The Queens bedchamber is part of the Queens Grand Apartment. 19 royal babies were born in this room throughout the reign of the various monarch. It is in this room Marie Antoinette fled through a tiny door into a concealed passage during the revolution.

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Marie Antoinette’s escape route

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Let’s hope the Royal Highnesses were floral fans-they didn’t have much choice!

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The beds are shorter than modern lengths and the royals often slept sitting up! Lying flat was associated with death and wasn’t the preferred sleeping stance!

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Below is Versailles’ Hall of Battles. As the name suggests it is dedicated to the conquests of the royals with paintings of war and military throughout.

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The various paintings and busts represent war heroes such as Charlemagne and Napoleon most of whom died in action. In 1978 The Hall of Battles was bombed in 1978 by Breton revolutionaries who were incensed by the tributes to Napoleon in the hall.

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And finally you may know this lady ….

HINT HINT

MArie antoinette cake - I'M SO FANCY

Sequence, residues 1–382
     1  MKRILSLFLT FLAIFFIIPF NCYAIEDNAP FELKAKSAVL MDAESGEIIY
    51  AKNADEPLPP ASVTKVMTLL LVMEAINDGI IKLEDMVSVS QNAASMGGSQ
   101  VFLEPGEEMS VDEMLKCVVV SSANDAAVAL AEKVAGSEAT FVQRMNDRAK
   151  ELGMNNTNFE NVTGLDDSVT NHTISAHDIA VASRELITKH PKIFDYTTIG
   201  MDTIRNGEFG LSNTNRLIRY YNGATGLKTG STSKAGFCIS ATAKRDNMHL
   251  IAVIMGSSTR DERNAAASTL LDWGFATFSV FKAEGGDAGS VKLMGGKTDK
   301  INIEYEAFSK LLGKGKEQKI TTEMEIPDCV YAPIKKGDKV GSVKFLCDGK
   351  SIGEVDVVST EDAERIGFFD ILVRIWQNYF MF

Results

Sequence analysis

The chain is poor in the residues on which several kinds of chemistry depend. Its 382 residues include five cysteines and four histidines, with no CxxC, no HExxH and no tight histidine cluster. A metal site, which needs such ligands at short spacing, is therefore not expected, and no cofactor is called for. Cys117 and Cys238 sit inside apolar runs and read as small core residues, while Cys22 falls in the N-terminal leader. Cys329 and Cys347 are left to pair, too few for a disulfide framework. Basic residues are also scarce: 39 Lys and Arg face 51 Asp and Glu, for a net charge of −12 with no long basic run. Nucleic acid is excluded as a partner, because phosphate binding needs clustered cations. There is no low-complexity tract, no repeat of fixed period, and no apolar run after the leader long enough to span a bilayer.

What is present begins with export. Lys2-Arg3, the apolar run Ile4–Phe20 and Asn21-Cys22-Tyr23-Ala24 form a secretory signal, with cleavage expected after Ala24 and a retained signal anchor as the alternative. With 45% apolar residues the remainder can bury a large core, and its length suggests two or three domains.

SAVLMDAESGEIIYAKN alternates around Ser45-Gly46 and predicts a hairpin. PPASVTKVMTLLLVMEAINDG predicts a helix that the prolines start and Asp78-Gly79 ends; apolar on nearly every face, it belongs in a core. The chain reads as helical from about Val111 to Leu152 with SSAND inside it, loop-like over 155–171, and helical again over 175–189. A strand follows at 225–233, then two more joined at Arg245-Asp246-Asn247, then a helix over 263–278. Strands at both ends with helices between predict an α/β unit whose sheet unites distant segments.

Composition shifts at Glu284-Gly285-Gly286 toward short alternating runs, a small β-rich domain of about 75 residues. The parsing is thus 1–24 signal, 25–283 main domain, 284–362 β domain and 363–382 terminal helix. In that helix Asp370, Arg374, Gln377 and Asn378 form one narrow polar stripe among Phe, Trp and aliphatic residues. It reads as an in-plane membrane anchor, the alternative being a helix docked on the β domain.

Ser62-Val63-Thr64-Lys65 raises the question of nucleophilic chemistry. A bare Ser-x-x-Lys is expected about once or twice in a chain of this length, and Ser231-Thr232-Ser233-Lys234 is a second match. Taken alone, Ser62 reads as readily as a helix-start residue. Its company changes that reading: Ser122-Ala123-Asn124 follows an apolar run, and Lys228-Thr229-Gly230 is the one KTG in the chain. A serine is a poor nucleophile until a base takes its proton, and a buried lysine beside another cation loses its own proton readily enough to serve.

Versailles is so huge that one post will not do it justice, you honestly need to see it for yourself! For more on my Paris trip just click here. Thank you for visiting my blog as always and don’t forget to check out my InstagramTwitter and Facebook page here.

Edel

A trip to Paris: Eiffel Tower, Luxembourg Gardens, Palais de Tokyo and The Louvre

Like many people, I have always dreamed of going to Paris after years of studying French in school and college.

When the opportunity arose, I was very excited to see all the tourist attractions, attempt to speak French and of course the renowned sartorial elegance!

We landed in Paris early on a Thursday morning and made our way into the city. The first thing we visited was the Luxembourg Gardens.

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Luxembourg Gardens

These beautiful gardens were originally created solely for French royalty but are now accessible to the public.

We had a very early flight so I was extremely casual on the first day! (PS I’m not normally a double denim girl but I think I can work it in light denim) Outfit details on Lookbook here.

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L’ecole Militaire
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Luxembourg Gardens
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Luxembourg Gardens

The gardens and Luxembourg palace.

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We grabbed lunch and headed for the hotel which was in a great location within walking distance of the Eiffel Tower.

After a quick power nap, we set off to the Eiffel Tower. On our way there we passed the Ecole Militaire which was a training academy for Parisian cadets from poor families. Napoleon himself was once a student there!